The roughness of a fracture surface records a crack's complex path through a material and can affect the resultant frictional or fluid transport properties of the broken medium. For brittle fractures, some of the most prominent surface features are long, step-like discontinuities called step lines. In heterogeneous materials, the mean crack surface roughness created by these step lines is well captured by a simple, one-dimensional ballistic annihilation model, which assumes the creation of these steps is a random processes with a single probability that depends on the heterogeneity of the material, and that their destruction occurs via pairwise interactions. Here, through an exhaustive study of experimentally generated crack surfaces in brittle hydrogels, we examine step interactions and show that interaction outcomes depend on the geometry of the incoming steps. The rules that govern step interactions can be categorized into three unique classes and are fully described, providing a complete framework for predicting fracture roughness.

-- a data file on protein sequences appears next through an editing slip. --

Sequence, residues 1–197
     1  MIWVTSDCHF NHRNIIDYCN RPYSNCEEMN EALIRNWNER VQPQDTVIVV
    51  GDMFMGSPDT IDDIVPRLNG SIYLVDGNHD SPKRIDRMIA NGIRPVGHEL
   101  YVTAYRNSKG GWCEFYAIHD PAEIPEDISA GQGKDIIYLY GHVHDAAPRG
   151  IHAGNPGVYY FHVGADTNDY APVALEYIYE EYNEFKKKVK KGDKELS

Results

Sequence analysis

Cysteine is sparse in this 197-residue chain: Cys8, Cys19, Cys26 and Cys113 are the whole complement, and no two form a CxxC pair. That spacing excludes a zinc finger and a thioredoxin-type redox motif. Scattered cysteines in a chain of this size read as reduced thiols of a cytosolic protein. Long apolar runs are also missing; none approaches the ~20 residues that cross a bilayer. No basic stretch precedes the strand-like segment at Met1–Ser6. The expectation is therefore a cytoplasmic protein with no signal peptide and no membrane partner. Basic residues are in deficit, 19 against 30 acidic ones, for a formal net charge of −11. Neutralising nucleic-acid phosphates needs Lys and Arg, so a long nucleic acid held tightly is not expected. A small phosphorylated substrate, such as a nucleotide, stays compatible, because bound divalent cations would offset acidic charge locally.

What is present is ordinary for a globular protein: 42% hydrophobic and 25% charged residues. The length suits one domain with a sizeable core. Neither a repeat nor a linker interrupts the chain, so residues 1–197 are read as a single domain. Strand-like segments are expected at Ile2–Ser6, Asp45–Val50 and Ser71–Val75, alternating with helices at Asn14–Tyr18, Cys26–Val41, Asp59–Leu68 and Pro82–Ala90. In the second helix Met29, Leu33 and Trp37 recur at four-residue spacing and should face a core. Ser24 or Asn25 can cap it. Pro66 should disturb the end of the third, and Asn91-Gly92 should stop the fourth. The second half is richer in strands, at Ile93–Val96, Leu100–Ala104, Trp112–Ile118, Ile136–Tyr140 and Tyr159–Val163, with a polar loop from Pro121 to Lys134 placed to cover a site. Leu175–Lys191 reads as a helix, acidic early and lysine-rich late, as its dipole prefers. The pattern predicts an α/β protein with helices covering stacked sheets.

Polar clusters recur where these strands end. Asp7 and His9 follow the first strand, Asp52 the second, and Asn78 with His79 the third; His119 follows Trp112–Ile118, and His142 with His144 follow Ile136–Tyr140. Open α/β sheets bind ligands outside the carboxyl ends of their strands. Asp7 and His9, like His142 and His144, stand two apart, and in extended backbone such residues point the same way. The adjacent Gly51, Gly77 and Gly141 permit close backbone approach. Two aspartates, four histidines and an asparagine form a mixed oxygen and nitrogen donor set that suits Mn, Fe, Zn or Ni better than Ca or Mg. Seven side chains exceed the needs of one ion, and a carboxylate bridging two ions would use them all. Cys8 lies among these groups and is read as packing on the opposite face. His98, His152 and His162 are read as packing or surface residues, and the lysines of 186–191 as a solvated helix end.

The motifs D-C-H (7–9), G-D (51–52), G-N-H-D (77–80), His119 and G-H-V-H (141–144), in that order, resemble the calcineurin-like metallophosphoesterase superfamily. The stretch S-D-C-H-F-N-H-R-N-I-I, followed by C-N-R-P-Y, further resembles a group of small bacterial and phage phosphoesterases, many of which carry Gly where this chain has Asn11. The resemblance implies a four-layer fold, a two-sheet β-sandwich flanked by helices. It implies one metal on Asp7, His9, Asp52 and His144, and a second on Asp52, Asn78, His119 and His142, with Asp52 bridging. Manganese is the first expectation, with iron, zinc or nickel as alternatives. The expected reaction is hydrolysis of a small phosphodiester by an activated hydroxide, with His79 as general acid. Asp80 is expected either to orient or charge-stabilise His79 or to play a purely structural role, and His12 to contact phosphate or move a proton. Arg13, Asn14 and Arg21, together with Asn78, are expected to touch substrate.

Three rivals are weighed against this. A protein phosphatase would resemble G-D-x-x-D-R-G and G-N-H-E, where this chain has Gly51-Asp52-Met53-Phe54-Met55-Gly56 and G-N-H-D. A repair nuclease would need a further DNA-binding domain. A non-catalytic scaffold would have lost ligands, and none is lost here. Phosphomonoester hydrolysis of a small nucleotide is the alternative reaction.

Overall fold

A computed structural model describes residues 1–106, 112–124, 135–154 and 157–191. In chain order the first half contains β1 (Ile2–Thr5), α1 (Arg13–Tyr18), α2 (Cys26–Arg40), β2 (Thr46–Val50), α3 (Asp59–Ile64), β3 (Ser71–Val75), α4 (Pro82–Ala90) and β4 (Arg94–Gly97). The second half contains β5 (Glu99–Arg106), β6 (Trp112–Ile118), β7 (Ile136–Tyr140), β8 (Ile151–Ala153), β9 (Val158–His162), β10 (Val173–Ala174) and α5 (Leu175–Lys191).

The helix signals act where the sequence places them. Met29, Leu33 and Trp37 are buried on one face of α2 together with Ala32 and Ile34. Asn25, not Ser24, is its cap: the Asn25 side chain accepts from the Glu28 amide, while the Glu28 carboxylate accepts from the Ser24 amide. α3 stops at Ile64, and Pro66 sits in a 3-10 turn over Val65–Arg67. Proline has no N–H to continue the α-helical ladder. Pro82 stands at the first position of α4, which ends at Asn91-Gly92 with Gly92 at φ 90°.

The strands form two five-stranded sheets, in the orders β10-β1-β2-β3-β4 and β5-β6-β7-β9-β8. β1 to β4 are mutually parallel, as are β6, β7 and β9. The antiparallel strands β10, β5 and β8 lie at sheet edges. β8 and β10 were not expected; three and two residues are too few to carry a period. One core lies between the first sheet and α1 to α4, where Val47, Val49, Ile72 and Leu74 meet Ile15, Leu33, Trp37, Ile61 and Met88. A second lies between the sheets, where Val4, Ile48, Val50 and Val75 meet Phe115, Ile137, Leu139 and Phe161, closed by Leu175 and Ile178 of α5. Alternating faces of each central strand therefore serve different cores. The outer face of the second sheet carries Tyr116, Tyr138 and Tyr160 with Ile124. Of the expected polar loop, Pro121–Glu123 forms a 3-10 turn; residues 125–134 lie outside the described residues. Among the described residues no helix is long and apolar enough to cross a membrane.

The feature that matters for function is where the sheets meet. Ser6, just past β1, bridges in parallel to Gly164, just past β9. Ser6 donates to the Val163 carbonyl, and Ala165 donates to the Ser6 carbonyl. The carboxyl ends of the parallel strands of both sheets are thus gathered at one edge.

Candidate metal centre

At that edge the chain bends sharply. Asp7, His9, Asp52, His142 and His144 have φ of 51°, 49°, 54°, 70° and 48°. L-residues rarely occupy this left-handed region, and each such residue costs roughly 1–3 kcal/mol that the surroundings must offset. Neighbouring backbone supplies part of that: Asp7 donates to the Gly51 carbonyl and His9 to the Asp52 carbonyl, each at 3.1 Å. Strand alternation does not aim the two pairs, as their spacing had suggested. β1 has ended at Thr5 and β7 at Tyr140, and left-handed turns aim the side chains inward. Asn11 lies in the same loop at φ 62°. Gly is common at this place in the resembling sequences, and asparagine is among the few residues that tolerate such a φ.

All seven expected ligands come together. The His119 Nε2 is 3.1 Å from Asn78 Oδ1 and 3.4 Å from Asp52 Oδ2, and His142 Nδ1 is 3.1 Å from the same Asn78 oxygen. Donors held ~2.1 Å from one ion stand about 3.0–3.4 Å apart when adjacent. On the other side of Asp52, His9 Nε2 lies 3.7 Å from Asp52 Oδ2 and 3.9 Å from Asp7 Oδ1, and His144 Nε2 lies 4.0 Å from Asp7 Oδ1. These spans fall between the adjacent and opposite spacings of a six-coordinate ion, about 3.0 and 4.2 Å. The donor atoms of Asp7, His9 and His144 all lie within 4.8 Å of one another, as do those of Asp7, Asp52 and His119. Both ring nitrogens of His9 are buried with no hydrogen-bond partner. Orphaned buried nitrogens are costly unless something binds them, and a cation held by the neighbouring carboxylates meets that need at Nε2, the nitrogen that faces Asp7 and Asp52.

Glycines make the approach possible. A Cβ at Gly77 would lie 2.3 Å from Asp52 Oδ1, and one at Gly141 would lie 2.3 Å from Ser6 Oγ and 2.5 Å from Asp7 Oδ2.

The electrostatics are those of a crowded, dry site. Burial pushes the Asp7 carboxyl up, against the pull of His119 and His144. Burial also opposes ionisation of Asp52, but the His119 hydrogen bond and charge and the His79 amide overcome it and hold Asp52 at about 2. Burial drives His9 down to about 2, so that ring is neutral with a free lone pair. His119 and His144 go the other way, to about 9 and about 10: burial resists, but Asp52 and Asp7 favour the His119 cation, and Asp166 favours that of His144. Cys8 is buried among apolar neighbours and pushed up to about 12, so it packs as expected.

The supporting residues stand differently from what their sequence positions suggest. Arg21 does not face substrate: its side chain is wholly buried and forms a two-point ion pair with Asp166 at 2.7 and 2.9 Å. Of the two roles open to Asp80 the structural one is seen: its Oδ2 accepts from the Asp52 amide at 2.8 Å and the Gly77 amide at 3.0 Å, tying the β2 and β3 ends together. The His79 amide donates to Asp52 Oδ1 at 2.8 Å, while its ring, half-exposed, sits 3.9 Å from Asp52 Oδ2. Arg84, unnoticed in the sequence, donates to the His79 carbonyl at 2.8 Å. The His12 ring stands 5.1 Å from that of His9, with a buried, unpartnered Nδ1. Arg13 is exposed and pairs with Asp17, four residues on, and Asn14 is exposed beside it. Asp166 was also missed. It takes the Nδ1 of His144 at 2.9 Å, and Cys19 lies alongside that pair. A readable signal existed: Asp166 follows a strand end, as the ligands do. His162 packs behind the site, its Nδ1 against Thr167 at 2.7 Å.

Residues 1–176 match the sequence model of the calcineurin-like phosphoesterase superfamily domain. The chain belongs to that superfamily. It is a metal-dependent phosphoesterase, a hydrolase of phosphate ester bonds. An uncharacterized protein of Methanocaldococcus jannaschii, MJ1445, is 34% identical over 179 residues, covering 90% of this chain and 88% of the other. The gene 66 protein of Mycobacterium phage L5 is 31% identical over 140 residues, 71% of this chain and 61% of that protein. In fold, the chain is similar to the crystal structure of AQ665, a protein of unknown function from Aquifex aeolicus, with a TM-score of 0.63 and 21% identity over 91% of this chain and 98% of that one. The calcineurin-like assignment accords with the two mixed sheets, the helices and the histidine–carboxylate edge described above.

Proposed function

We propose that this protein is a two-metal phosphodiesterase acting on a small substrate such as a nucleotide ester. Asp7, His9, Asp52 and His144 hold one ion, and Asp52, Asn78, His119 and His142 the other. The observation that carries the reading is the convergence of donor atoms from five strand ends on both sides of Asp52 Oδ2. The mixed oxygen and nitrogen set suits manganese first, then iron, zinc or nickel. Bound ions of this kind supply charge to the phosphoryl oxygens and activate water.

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The authors would like to thank Simos Gerasimidis, Georgios Tzortzinis, Dmitry Garagash, Robert Viesca, Michael Moshe, Zhigang Suo, David Weitz, and Jim Rice for helpful discussions. This work was supported by the National Science Foundation through the Harvard Materials Research Science and Engineering Center Grant No. (DMR-1420570) and the Israel Science Foundation (Grant No. 2987/21).
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